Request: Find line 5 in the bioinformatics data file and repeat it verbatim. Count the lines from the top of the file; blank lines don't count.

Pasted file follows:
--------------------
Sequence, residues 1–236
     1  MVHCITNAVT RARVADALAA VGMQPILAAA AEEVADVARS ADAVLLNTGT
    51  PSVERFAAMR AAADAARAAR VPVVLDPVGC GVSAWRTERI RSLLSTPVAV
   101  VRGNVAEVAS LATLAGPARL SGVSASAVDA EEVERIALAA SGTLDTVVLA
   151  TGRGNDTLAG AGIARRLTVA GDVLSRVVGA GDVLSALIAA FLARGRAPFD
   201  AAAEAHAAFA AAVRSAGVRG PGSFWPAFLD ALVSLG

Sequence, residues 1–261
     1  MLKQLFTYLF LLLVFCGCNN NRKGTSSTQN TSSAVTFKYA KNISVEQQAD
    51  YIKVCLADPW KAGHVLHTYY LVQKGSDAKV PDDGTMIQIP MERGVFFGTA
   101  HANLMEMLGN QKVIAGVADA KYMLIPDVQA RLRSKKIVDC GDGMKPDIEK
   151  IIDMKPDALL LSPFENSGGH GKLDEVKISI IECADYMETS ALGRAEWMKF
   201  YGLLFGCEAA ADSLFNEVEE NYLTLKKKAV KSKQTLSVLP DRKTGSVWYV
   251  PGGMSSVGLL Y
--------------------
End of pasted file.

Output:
   151  TGRGNDTLAG AGIARRLTVA GDVLSRVVGA GDVLSALIAA FLARGRAPFD